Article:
Online scams target animal welfare organisations

Online scams target animal welfare organisations

Unscrupulous scammers are exploiting the altruistic nature of animal welfare organisations like PAWS (pictured) by jeopardising their fundraising efforts.

PETALING JAYA: In a distressing turn of events, prominent animal welfare organisations, namely PAWS, Second Chance Animal Society, and HOPE Johor, have fallen victim to a surge in online scams targeting non-profit entities. Exploiting the altruistic nature of these organisations, scammers are jeopardising their crucial operations and fundraising efforts.

PAWS has seen two of its bank accounts frozen, while Second Chance faces the ominous threat of blacklisting. HOPE Johor is grappling with a significant decline in donations due to public insecurity surrounding online transactions.

Operating primarily on Telegram messenger, scammers engage victims in seemingly innocuous “tasks” for nominal financial rewards, including donations to specific animal welfare NGOs. Once trust is established, victims are coerced into substantial payments for fictional online stocks and cryptocurrency investments, resulting in irreparable financial losses.

Regrettably, investigations by authorities into these scams often lead to the freezing of NGO bank accounts that were included within the scam messages, exacerbating the crisis. Despite efforts to thwart scammers by changing bank accounts, PAWS experienced a rapid adaptation of scam messages.

Edward Lim, shelter manager of PAWS, expressed, “We were initially baffled at why our bank account was frozen. Only when donors informed us of this scam did we realise we have been targeted by unscrupulous scammers, exploiting the public’s goodwill. We have since had to direct our donors to our website at which utilises a secure gateway.”

Second Chance and HOPE Johor faced similar challenges, inundated by small donations of RM1–RM20 with peculiar transaction references. To exacerbate the situation, certain scammers went to the extent of employing counterfeit Touch N’ Go and DuitNow QR codes, misleading the public into believing they were donating to the NGOs.

This wave of scams has severely hampered the fundraising capabilities of these organisations, impacting their ability to aid homeless animals.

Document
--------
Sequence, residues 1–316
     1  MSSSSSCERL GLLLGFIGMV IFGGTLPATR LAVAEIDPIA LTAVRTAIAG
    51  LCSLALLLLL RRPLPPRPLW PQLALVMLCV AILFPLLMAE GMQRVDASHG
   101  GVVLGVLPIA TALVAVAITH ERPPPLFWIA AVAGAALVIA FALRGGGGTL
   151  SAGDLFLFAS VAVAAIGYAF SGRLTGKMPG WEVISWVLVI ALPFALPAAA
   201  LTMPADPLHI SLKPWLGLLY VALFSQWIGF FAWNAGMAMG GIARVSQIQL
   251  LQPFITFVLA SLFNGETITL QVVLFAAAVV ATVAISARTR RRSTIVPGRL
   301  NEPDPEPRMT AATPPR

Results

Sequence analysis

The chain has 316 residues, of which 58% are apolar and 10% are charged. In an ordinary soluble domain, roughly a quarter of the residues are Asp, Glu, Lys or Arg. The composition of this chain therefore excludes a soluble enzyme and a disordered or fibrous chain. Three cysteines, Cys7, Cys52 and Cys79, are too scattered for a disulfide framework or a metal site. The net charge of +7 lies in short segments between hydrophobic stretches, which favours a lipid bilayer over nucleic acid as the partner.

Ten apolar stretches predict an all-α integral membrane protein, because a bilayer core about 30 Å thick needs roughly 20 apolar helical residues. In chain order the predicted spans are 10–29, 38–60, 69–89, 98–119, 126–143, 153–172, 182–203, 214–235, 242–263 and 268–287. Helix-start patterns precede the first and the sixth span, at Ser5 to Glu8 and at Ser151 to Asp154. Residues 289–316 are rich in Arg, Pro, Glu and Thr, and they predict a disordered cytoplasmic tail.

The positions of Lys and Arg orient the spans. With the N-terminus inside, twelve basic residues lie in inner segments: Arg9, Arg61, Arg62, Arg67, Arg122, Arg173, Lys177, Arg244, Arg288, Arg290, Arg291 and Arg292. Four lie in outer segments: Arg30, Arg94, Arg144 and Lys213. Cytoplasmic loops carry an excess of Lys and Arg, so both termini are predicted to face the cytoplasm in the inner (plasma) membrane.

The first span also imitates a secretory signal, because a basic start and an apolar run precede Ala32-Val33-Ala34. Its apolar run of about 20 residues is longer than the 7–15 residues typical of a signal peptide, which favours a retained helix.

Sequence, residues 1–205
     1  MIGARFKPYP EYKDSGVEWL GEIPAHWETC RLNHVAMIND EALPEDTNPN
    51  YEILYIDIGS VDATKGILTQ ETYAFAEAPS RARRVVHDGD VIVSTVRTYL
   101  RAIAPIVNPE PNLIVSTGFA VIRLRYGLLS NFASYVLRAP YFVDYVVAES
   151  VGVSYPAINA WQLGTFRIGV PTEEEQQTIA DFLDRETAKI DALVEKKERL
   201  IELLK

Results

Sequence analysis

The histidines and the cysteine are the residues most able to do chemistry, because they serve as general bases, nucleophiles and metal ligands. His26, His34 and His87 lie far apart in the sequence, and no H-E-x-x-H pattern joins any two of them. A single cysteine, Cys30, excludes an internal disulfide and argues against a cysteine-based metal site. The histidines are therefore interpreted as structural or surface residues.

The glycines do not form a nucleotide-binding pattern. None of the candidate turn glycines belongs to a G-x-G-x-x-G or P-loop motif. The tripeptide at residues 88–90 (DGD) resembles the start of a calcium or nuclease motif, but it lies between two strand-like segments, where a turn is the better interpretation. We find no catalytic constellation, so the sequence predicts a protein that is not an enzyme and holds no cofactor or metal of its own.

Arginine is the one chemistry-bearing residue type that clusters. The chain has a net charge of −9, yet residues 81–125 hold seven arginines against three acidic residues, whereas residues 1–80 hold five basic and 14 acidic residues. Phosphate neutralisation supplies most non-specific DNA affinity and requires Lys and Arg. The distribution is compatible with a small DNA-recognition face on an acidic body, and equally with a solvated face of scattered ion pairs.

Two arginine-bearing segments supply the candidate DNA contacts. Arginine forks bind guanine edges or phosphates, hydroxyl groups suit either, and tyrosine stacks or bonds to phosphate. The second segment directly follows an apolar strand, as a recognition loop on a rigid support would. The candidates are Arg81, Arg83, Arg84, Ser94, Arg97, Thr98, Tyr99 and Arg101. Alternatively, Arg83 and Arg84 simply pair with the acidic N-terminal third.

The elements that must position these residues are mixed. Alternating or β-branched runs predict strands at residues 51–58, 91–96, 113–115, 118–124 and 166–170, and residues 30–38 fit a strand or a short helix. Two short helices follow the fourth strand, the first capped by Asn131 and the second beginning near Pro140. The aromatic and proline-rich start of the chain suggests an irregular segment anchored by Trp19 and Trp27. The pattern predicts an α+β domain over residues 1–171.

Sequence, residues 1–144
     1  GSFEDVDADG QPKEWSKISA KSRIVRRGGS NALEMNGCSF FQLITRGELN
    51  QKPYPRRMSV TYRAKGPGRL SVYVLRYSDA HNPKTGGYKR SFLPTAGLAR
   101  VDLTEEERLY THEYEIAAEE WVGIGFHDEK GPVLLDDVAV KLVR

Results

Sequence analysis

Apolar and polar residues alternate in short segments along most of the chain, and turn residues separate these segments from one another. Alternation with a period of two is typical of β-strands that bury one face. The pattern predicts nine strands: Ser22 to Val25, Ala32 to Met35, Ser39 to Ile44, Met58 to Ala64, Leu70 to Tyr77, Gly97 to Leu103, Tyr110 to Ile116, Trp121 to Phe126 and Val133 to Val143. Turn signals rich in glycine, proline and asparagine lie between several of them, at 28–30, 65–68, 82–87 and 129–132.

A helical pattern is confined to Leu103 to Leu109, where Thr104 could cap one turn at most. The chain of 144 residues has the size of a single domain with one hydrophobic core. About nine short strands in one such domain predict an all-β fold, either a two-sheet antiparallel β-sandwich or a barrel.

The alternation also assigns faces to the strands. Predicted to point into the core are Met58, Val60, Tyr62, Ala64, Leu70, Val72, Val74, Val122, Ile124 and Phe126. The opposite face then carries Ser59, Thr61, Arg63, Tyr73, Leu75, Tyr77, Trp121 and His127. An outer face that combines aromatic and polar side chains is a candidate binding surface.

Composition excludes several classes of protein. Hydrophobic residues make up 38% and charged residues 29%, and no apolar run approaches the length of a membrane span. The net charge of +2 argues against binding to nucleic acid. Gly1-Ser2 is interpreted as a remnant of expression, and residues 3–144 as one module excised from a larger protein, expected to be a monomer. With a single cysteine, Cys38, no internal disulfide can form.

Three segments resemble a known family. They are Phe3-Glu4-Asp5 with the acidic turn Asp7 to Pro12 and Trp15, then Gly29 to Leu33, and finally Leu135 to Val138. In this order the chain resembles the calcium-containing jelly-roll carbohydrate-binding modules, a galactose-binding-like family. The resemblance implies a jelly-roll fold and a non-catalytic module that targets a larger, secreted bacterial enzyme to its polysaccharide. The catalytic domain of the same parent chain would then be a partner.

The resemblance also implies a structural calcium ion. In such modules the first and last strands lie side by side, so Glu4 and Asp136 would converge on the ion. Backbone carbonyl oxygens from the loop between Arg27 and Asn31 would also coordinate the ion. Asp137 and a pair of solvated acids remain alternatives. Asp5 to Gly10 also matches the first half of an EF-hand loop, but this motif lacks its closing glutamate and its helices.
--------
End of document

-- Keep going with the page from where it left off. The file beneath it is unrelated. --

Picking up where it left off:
Kim Yeoh, President of Second Chance, revealed, “We directed our bank to halt all incoming transactions, leading to a daunting challenge in meeting RM40,000 of monthly expenses to sustain over 500 rescued animals. The struggle is intense, and uncertainty prevails regarding when these scammers will cease targeting us.”

Iris Leong, manager for HOPE Johor, added, “Recently, there has been a surge in scams exploiting the names of charitable organisations, causing a reluctance among the public to contribute towards noble causes. Unfortunately, our community has not been immune to this alarming trend, resulting in a substantial decrease in donations. This downturn is significantly affecting our operations, making it challenging to cover essential expenses such as medical and food costs.

“In light of this, I earnestly urge the public to carefully scrutinise the recipient’s account details and ensure that they match the official information provided by the charity before making the donation. I also encourage the use of reputable third-party payment platforms to process donations securely.”

In a collaborative effort to address this crisis,, an online animal welfare platform, is working with affected NGOs to enhance security in online donation channels.

Andy Koh, founder of PetFinder, emphasised, “With more secure fundraising and donor management strategies, we hope to instil greater confidence in the public.”

To support these NGOs, please visit their official websites for verified donation channels. In the face of these scams, prompt reporting to authorities is crucial.

Online scams target animal welfare organisations

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